1912 Georg Landsberg, German mathematician born on 30 January 1865.
1911 Piotr Stolypin Russia's PM assassinated by Mordka Bogrov
1910 Jacob Lueroth, German mathematician born on 18 February 1844.
1910 El dirigible Zeppelin IV, destruido por el fuego cerca de Baden-Baden (Alemania).
|1901 William McKinley, US President, of gunshot
wounds received on 06 September.
VP Theodore Roosevelt becomes president, Big Business's worst nightmare. ^top^
When Leon Czolgosz, a Polish anarchist, shot President William McKinley, on 06 September 1901, White House doctors cautiously predicted a recovery. Unfortunately, their optimism was unwarranted and McKinley dies on 14 September. Investors mourned the death of the business-friendly president by engaging in a steady sell-off. Stocks promptly fall and the Dow-Jones Industrial Average closes down 3.20.
The drop was also a reflection of Wall Street's fears over Teddy Roosevelt's ascension to the presidency. A few years earlier, Republican officials, supported by prominent business leaders, had purposely sidelined the freewheeling Rough Rider as McKinley's vice president. Now, much to their chagrin, Theodore Roosevelt, 42, was president.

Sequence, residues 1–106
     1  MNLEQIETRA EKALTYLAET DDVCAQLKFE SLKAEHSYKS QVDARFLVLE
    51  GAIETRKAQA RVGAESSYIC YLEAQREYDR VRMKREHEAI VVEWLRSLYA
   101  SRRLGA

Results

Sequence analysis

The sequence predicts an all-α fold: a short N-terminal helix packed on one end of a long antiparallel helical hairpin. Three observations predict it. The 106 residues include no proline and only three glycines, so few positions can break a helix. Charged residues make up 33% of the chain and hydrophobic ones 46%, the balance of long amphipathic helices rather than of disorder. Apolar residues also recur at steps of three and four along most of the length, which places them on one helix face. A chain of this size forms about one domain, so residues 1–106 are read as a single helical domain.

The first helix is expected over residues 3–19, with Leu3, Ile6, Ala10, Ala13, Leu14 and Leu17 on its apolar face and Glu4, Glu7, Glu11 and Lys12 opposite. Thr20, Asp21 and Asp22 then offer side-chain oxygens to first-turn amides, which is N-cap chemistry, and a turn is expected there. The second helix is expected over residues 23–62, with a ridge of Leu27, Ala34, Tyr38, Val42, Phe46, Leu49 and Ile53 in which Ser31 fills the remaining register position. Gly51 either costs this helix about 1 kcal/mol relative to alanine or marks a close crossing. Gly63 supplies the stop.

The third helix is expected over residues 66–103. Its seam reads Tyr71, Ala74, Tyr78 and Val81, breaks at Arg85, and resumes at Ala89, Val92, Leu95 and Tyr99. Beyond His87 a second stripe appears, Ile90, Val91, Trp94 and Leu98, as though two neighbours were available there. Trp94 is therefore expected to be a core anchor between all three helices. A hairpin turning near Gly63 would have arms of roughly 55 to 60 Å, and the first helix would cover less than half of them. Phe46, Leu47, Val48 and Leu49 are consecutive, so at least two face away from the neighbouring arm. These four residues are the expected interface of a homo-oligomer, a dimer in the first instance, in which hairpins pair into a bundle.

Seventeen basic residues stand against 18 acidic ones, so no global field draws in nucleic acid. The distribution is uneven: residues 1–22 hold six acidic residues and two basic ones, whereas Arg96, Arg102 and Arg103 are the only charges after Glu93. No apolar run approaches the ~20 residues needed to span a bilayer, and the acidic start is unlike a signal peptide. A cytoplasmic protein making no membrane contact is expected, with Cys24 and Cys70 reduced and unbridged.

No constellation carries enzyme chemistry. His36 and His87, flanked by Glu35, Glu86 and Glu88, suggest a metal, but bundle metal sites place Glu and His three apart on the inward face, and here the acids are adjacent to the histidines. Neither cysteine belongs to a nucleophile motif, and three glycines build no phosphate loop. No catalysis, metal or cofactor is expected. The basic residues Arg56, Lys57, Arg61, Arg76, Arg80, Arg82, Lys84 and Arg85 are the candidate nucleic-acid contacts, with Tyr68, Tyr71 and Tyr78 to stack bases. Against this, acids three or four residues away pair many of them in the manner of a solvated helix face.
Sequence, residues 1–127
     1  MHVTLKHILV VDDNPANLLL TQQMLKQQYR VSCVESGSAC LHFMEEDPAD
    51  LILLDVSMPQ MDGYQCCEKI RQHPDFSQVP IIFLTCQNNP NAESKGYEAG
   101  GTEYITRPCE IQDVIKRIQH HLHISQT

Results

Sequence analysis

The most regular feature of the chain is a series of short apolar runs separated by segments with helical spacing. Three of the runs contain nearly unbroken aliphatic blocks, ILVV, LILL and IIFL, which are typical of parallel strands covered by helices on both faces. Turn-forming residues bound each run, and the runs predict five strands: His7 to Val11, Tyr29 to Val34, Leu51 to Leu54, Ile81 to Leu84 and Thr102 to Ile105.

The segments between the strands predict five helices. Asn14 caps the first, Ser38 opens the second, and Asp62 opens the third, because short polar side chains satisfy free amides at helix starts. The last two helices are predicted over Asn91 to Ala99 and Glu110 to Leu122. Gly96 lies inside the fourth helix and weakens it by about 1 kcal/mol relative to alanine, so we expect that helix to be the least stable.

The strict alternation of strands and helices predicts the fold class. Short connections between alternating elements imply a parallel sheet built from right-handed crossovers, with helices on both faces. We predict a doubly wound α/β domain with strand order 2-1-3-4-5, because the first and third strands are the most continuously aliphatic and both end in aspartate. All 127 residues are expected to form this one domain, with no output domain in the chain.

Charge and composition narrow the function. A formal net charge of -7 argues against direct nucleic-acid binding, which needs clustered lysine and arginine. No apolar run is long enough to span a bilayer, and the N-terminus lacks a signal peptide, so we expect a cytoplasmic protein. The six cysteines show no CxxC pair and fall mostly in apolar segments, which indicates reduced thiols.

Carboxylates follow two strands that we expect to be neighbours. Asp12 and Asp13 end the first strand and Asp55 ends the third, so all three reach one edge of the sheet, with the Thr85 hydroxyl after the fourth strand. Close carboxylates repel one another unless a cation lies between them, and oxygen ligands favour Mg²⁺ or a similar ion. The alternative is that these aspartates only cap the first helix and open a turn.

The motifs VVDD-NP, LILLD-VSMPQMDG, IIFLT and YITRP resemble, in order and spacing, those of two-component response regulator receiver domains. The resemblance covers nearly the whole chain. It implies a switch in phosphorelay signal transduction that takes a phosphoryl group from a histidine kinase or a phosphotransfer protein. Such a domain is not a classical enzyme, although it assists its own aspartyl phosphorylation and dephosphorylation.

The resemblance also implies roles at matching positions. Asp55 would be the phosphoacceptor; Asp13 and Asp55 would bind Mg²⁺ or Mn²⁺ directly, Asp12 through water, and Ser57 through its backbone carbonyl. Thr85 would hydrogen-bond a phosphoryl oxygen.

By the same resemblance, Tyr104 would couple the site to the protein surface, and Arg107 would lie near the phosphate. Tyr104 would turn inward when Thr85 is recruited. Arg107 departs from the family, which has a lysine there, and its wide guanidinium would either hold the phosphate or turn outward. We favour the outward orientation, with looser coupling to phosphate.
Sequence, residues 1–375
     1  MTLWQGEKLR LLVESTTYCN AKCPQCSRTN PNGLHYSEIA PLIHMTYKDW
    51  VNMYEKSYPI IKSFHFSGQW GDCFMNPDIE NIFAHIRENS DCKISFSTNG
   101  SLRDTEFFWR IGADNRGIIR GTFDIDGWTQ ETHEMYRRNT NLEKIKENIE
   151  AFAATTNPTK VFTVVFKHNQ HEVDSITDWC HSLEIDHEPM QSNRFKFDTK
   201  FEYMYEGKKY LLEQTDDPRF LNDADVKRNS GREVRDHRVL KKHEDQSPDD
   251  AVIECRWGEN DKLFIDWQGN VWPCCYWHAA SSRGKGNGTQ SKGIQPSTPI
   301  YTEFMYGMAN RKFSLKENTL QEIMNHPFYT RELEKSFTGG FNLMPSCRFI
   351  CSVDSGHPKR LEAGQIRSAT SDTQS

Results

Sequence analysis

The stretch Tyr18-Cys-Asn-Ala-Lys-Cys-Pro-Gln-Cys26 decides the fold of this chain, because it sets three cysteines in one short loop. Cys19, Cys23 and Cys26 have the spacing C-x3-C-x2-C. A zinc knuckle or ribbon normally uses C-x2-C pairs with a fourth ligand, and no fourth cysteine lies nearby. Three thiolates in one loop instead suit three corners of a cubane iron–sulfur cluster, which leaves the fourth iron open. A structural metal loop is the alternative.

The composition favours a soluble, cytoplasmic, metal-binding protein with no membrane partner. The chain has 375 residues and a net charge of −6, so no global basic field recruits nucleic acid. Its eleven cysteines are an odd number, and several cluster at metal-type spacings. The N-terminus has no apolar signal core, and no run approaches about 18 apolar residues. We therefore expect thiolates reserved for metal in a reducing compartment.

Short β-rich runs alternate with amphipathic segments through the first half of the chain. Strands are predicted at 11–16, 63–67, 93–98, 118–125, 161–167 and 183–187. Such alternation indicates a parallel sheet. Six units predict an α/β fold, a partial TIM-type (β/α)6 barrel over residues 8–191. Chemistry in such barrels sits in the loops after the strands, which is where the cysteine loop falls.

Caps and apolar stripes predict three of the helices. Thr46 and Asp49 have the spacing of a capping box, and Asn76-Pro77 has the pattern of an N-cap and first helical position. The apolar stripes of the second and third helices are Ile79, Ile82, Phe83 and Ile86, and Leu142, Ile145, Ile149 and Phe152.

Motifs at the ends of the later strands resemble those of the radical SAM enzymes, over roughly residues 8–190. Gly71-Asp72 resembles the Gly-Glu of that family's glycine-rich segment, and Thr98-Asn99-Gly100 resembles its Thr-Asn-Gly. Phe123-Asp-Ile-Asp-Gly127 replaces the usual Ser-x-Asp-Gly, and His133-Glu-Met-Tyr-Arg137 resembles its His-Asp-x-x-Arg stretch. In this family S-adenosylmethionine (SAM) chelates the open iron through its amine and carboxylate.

17 years earlier two other deaths had devastated the young Roosevelt. In February 1884, Roosevelt's young wife died after giving birth to their daughter; and a mere 12 hours later his much-beloved mother also died. Roosevelt went West, establishing himself on two ranches in the Badlands of Dakota Territory and writing to friends that he had given up politics and planned to make ranching "my regular business."
Despite this, three years later he returned to New York City and resumed the political career that would eventually take him to the White House. Even after he had returned to the civilized East, Roosevelt always credited his western interlude with restoring his mental and physical vitality.
From an early age, Roosevelt had been convinced of the benefits of living the "strenuous life," arguing that too many American males had succumbed to the ease and safety of modern industrialized society and become soft and effeminate. Roosevelt thought more men should follow his example and embrace the hard, virile, pioneer life of the West, a place where "the qualities of hardihood, self-reliance, and resolution" were essential for survival. Roosevelt's own western experience was hardly as harsh and challenging as he liked to claim, yet the eastern tenderfoot did adapt quickly to the rougher ways of ranch life. He earned the respect of Dakotans by tracking down a gang of bandits who had stolen a riverboat and once knocked out a barroom bully who had taunted him.